On macOS you have ~/Library for user-specific files, /Library for global non-system files, and /System/Library for system files. I think if you use the Network Location feature some apps will also store different preferences in ~/Library/Preferences/ByHost, although I haven't really used the feature so I might be mistaken. Honestly, changing your system preferences based on your location makes tons of sense to me! For a portable system, it doesn't make sense to use the same settings in your home network as when you're in an untrusted network such as a coffee shop or airport.

[0] https://standards.freedesktop.org/basedir-spec/basedir-spec-...

Out of interest I followed the link to "installed in my home directory under ~/.local/bin", because I use the same method for "global" user installation of some npm packages and arbitrary little tools I put together... anyway I discovered this:

> export PATH=$HOME/.local/bin:$PATH

> Notice I put it in the front of the list. This is because I want my home directory programs to override system programs with the same name. For what other reason would I install a program with the same name if not to override the system program?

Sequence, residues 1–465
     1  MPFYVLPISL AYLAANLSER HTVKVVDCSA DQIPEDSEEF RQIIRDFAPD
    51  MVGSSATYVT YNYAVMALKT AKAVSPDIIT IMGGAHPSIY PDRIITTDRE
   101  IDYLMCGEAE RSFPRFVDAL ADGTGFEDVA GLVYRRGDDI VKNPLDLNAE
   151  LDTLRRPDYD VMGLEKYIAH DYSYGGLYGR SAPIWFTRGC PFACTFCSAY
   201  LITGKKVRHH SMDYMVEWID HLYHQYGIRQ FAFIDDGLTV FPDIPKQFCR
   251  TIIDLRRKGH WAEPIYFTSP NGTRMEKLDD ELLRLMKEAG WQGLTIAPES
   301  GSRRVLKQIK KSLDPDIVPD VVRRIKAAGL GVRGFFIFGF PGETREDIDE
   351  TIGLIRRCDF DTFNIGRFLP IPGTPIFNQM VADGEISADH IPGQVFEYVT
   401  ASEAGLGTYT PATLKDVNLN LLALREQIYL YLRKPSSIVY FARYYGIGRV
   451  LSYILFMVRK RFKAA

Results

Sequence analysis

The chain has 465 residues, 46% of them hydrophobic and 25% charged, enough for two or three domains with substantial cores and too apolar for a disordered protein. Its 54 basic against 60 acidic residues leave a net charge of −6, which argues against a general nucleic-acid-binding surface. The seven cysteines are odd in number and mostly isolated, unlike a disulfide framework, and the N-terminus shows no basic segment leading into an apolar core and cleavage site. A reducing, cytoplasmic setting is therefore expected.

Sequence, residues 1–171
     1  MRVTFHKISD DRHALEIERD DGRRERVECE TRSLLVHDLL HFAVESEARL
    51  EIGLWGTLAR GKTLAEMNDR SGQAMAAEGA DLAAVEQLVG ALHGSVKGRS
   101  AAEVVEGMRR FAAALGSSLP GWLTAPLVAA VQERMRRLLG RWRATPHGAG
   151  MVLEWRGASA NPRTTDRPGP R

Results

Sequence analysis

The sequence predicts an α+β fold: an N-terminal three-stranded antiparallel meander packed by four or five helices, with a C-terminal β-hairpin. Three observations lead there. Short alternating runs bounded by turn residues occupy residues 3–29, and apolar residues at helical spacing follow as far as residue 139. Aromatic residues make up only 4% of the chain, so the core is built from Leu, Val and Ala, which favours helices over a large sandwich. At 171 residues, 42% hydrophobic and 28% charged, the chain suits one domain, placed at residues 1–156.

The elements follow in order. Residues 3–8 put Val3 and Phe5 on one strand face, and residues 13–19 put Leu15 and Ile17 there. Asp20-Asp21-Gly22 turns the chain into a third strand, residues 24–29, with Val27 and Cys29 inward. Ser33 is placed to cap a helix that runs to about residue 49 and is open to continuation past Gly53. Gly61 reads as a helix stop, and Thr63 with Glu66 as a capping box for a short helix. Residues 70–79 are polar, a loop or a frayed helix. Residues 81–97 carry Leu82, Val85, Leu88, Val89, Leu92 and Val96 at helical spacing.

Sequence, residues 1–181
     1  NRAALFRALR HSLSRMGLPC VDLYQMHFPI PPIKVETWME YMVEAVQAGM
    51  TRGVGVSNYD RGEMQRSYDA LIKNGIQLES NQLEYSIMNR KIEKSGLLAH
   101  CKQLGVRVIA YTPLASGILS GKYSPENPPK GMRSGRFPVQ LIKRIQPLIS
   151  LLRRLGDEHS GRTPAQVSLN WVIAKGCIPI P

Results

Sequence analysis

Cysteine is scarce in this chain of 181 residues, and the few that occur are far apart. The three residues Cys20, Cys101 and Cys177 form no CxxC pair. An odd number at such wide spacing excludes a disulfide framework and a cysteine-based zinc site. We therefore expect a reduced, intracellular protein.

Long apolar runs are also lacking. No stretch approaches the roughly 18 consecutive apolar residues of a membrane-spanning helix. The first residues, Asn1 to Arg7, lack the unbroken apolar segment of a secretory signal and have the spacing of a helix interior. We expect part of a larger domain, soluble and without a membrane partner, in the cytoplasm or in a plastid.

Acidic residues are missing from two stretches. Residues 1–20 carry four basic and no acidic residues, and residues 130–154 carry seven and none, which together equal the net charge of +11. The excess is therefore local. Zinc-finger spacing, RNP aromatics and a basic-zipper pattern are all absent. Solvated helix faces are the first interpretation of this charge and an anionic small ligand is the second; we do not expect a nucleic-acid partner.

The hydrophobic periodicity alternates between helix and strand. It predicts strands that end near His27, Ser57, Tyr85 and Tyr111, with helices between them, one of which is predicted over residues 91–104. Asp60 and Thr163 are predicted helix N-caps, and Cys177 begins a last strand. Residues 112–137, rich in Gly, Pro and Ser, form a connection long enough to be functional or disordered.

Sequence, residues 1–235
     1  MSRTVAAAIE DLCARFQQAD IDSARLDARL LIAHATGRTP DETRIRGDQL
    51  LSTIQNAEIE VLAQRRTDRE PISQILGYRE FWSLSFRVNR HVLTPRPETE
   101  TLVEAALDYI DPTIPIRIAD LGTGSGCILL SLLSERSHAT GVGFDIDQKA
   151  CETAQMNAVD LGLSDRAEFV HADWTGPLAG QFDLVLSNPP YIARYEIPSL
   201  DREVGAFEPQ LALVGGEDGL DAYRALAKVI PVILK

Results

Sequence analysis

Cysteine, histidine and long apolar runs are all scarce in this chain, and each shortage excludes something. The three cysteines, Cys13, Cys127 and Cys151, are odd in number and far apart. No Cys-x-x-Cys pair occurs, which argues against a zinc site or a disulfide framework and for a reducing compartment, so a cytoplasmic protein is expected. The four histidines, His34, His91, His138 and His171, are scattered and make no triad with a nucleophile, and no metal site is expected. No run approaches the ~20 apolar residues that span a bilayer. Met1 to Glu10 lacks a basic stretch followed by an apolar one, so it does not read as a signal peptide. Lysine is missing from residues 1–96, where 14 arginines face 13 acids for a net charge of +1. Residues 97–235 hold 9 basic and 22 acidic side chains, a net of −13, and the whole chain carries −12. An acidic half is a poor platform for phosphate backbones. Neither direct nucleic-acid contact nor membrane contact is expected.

I've always made a point of doing the exact opposite of this when adding to /etc/profile, with the reasoning of: why the hell would I want to allow any user script to be able to override system commands without root permission?

Have I gotten this all wrong? I admit I am no expert on bins and paths and security, but isn't the above a potential security issue?

This is often called being "on the wrong side of the airtight hatch". If a program can write to ~/.local/bin, it can write to ~/.profile and change your path anyway, or set aliases.

> If a program can write to ~/.local/bin, it can write to ~/.profile and change your path anyway

You're absolutely right, but in the case that a program can write to ~/.local/bin but no where else, it is a concern. What I'm really talking about is when a package manager is using that directory and potentially untrustworthy packages can put whatever they want in ~/.local/bin but not ~

> allow any user script to be able to override system commands

Other users could only override system commands if they can write files to your ~/.local/bin

As /u/CJefferson pointed out, if a user has permission to write files to your ~/.local/bin, they can probably also write to your ~/.profile and ~/.bash_profile.